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Sarah Vine: "The days of ‘stretch and staple’ cosmetic surgery are well and truly over"

February 13th 2017 / Sarah Vine Google+ Sarah Vine / 1 comment

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Today's announcement of a 40% drop in cosmetic surgery procedures ushers in a new era of anti-ageing solutions. Good news for women, says Get The Gloss' co-founder Sarah Vine

The fact that today the British Association of Aesthetic Plastic Surgeons are reporting a 40 per cent drop in the number of cosmetic surgery procedures is telling in more ways than one.

Firstly, it points to a backlash against the ridiculous pursuit of ageless perfection among women: the days of ‘stretch and staple’ are well and truly over; secondly, it shows a vast improvement in the quality and choice of non-surgical alternatives.

On the one hand a cultural shift; on the other, a practical one - resulting in more choice for women and fewer risks overall.

Tellingly, the biggest fall was in surgical brow lifts (down 71 per cent), something that can now be achieved easily - and far more subtly - through the use of injectables.

Fact is, the new wave of cosmetic doctors specialising in subtle, non-invasive treatments designed to give women more of a refreshed look than a total reversal, is ushering in a new age of anti-ageing solutions.

These experts - such as Dr Tapan Patel, for example, at the Phi Clinic in London - use a combination of Botox, hyaluronic filler, cosmetic peels, prescription skincare, plus, of course, an expert eye and oodles of experience to alter the geometry of an ageing face and create a more youthful appearance.

Thus, you can have lost tissue replaced underneath the eyes to banish bags, lift a sagging jawline or a drooping nose with a dot of Botox, sharpen a pair of cheekbones without going anywhere near a scalpel or an anaesthetic, banish a double chin with cryotherapy.

No scars, no risk to your general health, no drinking through a straw for six weeks.

The success of all this, of course, depends on finding a skilled and reliable practitioner which, since non-surgical treatments are still not as strictly regulated as conventional ones, can prove difficult.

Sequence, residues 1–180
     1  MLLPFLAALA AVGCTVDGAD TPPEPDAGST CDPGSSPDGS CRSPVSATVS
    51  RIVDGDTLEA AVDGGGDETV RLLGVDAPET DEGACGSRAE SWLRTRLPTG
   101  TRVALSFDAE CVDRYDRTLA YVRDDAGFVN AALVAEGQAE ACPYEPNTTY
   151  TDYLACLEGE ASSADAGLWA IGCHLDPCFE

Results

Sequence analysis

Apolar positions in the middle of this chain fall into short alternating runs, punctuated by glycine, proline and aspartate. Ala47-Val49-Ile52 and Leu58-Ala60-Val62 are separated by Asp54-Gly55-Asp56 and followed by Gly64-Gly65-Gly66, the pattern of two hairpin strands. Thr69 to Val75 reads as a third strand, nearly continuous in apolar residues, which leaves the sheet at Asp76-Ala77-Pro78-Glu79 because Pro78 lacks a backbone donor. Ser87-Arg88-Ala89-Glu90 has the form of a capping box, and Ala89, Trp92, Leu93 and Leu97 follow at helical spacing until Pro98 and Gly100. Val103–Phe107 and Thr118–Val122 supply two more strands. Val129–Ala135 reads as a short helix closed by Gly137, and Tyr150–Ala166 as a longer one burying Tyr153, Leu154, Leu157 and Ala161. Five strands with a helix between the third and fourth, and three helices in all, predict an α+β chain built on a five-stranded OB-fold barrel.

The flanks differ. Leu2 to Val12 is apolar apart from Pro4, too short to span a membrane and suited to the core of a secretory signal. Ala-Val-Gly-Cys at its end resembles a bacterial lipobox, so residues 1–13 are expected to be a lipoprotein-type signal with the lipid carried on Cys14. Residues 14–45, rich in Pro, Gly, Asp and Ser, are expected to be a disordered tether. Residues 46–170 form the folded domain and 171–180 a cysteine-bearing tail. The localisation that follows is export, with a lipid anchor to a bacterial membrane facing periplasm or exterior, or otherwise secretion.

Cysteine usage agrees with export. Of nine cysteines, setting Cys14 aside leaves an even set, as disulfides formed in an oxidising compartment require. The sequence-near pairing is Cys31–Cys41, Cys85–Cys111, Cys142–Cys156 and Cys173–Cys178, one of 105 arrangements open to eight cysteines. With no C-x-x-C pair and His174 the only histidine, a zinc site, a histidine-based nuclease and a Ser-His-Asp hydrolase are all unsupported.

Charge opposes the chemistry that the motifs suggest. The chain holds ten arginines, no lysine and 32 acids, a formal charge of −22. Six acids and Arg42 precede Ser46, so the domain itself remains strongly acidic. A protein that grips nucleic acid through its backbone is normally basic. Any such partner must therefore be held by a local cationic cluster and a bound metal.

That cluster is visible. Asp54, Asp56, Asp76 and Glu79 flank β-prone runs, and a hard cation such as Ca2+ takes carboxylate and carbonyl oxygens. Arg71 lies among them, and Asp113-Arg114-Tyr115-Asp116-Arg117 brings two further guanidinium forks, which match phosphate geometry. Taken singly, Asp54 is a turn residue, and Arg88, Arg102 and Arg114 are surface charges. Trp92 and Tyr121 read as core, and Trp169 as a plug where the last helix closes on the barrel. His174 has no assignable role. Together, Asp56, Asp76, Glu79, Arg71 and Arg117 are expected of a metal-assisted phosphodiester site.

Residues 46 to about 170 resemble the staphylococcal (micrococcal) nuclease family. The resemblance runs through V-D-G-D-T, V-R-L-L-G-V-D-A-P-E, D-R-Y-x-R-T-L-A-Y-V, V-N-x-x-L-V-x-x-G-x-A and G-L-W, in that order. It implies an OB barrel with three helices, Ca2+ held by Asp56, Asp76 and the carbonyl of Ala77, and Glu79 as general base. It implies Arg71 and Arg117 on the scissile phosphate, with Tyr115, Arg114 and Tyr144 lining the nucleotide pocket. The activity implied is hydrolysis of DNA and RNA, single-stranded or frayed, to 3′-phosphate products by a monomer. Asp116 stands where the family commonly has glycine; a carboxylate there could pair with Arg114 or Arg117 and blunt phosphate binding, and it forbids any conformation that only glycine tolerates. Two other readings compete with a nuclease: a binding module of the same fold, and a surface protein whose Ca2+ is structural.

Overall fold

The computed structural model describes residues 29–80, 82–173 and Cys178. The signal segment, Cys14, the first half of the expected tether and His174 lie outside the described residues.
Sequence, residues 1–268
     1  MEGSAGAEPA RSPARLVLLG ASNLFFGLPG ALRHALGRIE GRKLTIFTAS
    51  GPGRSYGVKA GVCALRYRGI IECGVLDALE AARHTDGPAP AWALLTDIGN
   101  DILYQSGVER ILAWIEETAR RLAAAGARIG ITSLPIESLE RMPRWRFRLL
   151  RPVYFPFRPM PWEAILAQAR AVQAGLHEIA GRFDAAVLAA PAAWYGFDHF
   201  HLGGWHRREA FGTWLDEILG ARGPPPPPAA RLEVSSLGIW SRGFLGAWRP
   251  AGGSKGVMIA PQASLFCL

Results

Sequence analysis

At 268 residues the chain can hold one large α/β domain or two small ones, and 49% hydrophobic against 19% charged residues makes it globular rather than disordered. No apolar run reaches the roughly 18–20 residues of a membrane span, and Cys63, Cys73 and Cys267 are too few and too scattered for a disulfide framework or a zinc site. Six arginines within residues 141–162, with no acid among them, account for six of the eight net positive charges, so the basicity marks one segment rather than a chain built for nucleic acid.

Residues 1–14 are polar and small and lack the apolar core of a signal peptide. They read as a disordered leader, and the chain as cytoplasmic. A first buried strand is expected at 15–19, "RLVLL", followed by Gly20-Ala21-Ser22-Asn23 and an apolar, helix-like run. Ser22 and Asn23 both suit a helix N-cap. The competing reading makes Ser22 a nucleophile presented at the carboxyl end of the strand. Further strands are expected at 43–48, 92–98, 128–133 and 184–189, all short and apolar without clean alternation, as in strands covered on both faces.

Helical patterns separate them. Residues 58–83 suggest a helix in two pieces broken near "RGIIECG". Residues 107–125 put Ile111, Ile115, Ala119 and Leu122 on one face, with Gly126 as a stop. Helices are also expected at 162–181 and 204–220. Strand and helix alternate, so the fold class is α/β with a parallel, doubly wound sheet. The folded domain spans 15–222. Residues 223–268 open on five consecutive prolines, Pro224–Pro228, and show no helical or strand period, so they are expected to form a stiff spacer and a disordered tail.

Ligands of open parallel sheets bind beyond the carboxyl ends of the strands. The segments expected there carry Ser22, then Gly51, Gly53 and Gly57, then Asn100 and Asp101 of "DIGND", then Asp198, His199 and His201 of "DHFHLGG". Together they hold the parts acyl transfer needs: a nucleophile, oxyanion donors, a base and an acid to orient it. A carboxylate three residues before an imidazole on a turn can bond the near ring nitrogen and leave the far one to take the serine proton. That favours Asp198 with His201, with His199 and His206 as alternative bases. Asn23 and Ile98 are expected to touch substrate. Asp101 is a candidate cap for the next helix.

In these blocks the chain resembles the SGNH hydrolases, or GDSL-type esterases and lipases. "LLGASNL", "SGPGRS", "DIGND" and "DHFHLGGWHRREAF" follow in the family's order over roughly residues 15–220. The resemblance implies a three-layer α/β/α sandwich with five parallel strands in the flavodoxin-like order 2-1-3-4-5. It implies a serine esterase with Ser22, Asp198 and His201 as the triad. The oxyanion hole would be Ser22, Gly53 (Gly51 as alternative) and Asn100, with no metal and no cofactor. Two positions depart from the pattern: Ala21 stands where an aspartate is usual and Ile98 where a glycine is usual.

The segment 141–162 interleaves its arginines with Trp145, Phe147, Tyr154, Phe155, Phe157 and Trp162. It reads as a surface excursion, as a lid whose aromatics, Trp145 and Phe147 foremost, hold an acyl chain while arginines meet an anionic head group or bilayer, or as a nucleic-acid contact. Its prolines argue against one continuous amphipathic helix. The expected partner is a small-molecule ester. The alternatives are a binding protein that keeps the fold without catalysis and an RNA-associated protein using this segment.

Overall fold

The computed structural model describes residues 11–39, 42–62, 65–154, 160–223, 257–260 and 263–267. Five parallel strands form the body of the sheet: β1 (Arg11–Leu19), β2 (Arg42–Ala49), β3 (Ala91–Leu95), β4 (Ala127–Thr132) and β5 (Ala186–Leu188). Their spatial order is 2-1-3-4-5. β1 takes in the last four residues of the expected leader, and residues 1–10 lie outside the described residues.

Check your doctor’s credentials thoroughly before handing over your cash and any part of your body, and distrust anyone offering discounts or freebies: bottom line, if it sounds too good to be true it probably is.

My top three? Dr Vicky Dondos at the Medicetics Clinic (London and Cirencester), Dr Frances Prenna Jones (Mayfair) - and the aforementioned Dr Tapan Patel (Harley Street). All have slightly different styles, all brilliant in their own way.

Do you have a go-to nonsurgical treatment? Let us know in the comments below.

Here are the figures from BAAPS in full.

The top surgical procedures for women in 2016 (28,341 total. A fall of 39.1% from 2015) in order of popularity:

Breast augmentation: 7,732 – down 20% from last year
Blepharoplasty (eyelid surgery): 3,584 – down 55%
Breast Reduction: 3,566 – down 38%
Face/Neck Lift: 3,328 – down 53%
Liposuction: 2,879 – down 42%
Abdominoplasty: 2,591 – down 6%
Rhinoplasty: 2,174 – down 14%
Fat Transfer: 1,359 – down 56%
Otoplasty (ear correction): 566 – down 9%
Browlift: 562 – down 71%

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Join the conversation

  • karen
  • March 6th 2017

I have been having Filorga which is a type of mesotherapy for the face with Dr Bruno Amendola. He is brilliant and the treatment ( you need to have a course) made my skin glow. Mums at school have been commenting on my skin! Definitely worth trying.

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